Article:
opinion   |   letters

LETTER: What’s next for Black History Month?



The Association for the Study of Negro Life and History, founded by Carter G. Woodson, first announced Negro History Week in 1926. The week was created to celebrate the success and perseverance of the bl and stand-up comic WKamau Bell for Martin Luther King Jr. Day. The Neal-Marshall Black Culture Center kicked off February with soul food and storytelling, but don't fret if you missed it. There is an activity for every day of the month. It appears IU is operating to its utmost potential. 

To the prospective student, IU is the poster child for diversity and inclusion. Pamphlets showcase students of all ethnicities, shapes and sizes. This year, IU brought in host of United Shades of America and stand-up comic W. Kamau Bell for Martin Luther King Jr. Day. The Neal-Marshall Black Culture Center kicked off February with soul food and storytelling, but don't fret if you missed it. There is an activity for every day of the month. It appears IU is operating to its utmost potential. 

However, IU easily forgets African-Americans make up only 1,500 of 33,000 undergraduate students, according to University Institutional Research and Reporting statistics

The latent racism still existent at IU exposed itself Feb. 7 when a picture of a pregnancy test, cigarettes, condoms and a rolled dollar bill — all with the filter “Being Black In America Is…” — was posted by an IU student on Snapchat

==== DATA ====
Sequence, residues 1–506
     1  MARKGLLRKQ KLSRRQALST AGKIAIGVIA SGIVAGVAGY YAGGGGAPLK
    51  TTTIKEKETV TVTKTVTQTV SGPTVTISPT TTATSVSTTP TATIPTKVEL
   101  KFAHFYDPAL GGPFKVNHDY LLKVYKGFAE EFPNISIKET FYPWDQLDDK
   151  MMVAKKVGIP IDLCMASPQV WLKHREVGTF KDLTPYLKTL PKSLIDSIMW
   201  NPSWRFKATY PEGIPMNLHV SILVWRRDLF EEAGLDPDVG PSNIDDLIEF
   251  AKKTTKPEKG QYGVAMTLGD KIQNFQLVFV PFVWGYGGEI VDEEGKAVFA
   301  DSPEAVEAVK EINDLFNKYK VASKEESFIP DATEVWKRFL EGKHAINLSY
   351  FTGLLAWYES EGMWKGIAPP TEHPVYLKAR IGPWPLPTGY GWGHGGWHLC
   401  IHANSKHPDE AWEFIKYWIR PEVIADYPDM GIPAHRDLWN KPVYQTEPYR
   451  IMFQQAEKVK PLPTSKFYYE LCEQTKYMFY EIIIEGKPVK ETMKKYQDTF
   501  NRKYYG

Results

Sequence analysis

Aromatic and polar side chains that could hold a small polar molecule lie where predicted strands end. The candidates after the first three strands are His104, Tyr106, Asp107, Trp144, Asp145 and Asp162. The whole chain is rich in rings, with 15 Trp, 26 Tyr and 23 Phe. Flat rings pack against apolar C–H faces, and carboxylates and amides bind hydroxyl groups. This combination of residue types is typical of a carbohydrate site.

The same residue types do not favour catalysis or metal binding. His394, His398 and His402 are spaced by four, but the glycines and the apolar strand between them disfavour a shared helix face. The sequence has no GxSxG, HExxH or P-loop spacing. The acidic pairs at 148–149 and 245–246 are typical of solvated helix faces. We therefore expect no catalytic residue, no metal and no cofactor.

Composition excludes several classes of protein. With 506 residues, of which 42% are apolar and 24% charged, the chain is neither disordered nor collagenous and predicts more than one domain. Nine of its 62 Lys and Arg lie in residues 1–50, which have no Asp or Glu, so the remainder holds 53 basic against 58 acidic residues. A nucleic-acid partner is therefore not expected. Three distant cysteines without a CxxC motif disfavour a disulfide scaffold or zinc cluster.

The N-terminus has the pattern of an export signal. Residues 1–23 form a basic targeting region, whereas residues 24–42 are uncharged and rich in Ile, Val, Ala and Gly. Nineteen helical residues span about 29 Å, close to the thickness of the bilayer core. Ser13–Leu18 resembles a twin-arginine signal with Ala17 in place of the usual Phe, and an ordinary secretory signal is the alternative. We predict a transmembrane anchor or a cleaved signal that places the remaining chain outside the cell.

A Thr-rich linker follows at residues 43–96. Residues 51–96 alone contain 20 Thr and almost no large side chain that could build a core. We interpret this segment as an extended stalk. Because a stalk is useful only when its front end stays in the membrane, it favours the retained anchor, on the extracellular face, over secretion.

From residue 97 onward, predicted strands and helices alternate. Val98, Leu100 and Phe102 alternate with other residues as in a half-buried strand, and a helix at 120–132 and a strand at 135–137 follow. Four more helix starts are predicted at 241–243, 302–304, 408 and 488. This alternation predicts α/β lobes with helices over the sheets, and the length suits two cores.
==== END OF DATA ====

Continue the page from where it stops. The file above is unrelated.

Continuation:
Of course, the 5 percent of IU's student population,  African-American students, were outraged. Bias incident reports began piling into the system, students visited the vice provost, and an emergency town hall meeting was called at the Neal-Marshall Black Culture Center to discuss the event. Deans, directors, professors and more than 200 students attended the town hall.

Mandatory inclusion and diversity courses for student and faculty, amendments to the Indiana University Code of Conduct, amendments to Indiana Bicentennial Plans and representation in leadership roles in various organizations were ideas presented to bring reform at IU. 

However, what I think is most important is the gathering of the illustrious 5 percent. This incident was made to embarrass, shame and mock their culture. However, it brought the community closer to brainstorm and effect change from the inside out.

Let this incident remind everyone black people will be tested, but our perseverance and need to achieve will succeed. So, in honor of Black History Month, understand that we belong at IU, and we will continue to display excellence, fighting ignorance with intellect. 

Moniel Sanders 

219-805-3809

1000 N Fee Lane Bloomington, IN

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